In a meta-analysis of 16 studies including 966 individuals with panic disorder, treatment with psychological therapies (eg, CBT, behavior therapy, supportive therapy, or psychoeducation) had similar effects on short-term response and short-term remission as selective serotonin reuptake inhibitors (SSRIs; relative risk 0.97, 95% CI, 0.5-1.9 and relative risk 0.85, 95% CI 0.6-1.2, respectively), tricyclic antidepressants (relative risk 0.75, 95% CI 0.5-1.1 and relative risk 0.82, 95% CI 0.6-1.1, respectively), other antidepressants (relative risk 0.96, 95% CI 0.7-1.4 and relative risk 0.9, 95% CI 0.5-1.7, respectively) and benzodiazepines (relative risk 1.58, 95% CI 0.7-3.6 and relative risk 1.08, 95% CI 0.7-1.7 respectively) . Dropout rates for each treatment were similar.
In another clinical trial, 312 individuals with panic disorder were randomized to receive either imipramine only, CBT only, placebo, or imipramine plus CBT . After three months of treatment, patients treated with imipramine only and CBT only were equally more likely to respond compared with the placebo treated group (45.8 and 48.7 versus 21.7 percent [9,10]). After medication discontinuation, longer-term outcome was better for the group that had received CBT in some but not all analyses. A second trial in 150 individuals with panic disorder compared one of five of the more commonly used SSRIs with CBT, and the combination after 9 months of treatment, at 12 months after treatment discontinuation, and 6 and 12 months later, and found all three groups equivalent .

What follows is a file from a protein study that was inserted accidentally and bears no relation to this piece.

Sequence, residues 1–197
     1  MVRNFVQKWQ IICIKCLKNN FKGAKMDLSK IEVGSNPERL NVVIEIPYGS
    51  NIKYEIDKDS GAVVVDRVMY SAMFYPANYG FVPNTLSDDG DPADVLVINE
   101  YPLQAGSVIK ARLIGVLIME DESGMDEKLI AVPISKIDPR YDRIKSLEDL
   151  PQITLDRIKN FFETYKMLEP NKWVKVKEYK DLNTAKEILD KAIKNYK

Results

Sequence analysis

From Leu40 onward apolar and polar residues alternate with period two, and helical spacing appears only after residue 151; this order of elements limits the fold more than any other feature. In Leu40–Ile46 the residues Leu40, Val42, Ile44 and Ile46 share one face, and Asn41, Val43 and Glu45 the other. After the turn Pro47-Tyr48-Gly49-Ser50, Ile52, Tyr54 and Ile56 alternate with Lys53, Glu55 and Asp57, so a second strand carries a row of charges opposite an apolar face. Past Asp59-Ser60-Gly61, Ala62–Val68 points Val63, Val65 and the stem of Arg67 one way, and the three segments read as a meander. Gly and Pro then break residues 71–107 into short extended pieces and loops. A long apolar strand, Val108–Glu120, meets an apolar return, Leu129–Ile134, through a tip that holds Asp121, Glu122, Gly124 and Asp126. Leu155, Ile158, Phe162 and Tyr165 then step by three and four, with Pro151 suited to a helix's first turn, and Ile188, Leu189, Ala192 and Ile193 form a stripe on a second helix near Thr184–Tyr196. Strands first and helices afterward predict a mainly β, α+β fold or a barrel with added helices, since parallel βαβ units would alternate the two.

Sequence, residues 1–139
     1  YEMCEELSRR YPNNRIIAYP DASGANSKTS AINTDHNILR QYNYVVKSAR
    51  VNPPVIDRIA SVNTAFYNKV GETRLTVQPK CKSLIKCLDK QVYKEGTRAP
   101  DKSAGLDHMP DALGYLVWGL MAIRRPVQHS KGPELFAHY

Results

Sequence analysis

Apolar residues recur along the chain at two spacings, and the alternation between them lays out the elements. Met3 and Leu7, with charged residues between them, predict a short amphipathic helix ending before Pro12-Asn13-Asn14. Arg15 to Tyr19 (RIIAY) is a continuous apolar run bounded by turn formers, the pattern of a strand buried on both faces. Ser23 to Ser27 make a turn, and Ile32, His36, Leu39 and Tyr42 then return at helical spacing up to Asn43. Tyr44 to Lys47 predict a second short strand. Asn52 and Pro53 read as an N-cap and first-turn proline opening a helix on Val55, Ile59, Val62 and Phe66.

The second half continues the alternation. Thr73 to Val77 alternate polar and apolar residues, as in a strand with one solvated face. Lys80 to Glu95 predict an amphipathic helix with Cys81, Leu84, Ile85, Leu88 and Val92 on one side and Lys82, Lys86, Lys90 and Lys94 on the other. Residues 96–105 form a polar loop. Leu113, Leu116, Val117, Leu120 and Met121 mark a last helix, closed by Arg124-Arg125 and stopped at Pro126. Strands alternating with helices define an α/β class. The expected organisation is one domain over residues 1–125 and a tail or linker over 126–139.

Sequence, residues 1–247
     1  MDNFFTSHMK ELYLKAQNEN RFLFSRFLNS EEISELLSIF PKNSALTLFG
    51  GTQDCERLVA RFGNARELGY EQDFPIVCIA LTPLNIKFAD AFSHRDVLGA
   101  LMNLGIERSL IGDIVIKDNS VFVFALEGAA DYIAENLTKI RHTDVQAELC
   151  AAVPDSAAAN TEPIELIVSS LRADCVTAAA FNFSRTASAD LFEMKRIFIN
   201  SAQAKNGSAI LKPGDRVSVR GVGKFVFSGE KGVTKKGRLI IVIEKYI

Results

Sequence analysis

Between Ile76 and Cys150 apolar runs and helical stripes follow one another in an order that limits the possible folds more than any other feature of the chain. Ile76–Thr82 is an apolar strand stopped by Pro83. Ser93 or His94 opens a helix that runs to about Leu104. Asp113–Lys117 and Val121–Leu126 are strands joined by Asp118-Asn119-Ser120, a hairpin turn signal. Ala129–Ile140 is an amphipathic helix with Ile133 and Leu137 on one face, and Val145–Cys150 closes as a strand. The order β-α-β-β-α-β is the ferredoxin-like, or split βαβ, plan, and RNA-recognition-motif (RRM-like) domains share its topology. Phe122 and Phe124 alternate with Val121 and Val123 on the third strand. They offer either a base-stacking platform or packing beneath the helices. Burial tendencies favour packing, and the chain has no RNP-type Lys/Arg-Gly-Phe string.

While some experts continue to believe that longer-term outcome may be superior when including CBT, evidence from the above meta-analysis and two available studies does not definitively support this .
CBT as preferred psychotherapy — We suggest treatment with cognitive-behavioral therapy (CBT) rather than other psychotherapies for individuals with panic disorder who are treated with psychotherapy. CBT is an effective treatment for panic disorder  and is supported by a greater number of randomized clinical trials with more participants compared with other psychotherapies tested on panic disorder [15,16]. (See "Psychotherapy for panic disorder with or without agoraphobia in adults", section on 'Response to CBT'.)
Treatment with CBT is broadly generalizable and may not require doctoral level expertise. Two large effectiveness studies found that CBT delivered by novice therapists (after training) to primary care patients with panic disorder led to better outcomes on measures of symptom severity, and rates of response and remission, compared with treatment as usual (usual care via primary care) [17,18].
Further discussion of CBT, remote CBT (eg, internet-delivered, videoconferencing CBT, and bibliotherapy-delivered CBT) including predictors of outcome, as well as other forms of psychotherapy in the treatment of panic disorder can be found elsewhere. (See "Psychotherapy for panic disorder with or without agoraphobia in adults", section on 'Response to CBT' and "Psychotherapy for panic disorder with or without agoraphobia in adults", section on 'Remote CBT and internet-delivered exposure therapy' and "Psychotherapy for panic disorder with or without agoraphobia in adults", section on 'Other psychotherapies'.)
SSRIs as preferred initial pharmacotherapy — For individuals who prefer pharmacotherapy, we typically suggest treatment with a selective serotonin reuptake inhibitor (SSRI). Others such as serotonin-norepinephrine reuptake inhibitors, tricyclic antidepressants, monoamine oxidase inhibitors, and benzodiazepines have demonstrated efficacy in panic disorder, but we generally reserve them for patients with suboptimal response to SSRIs (see 'Management of suboptimal response' below). There are few head-to-head clinical trials comparing these drugs in panic disorder, but these trials and trials comparing these drugs with placebo suggest that they all have comparable efficacy.
Our preference for SSRIs over other antidepressants is based on their relatively benign side effect profile and safety in overdose. Among medications for panic disorder, SSRIs have been the most widely tested in clinical trials and shown to be efficacious compared with placebo .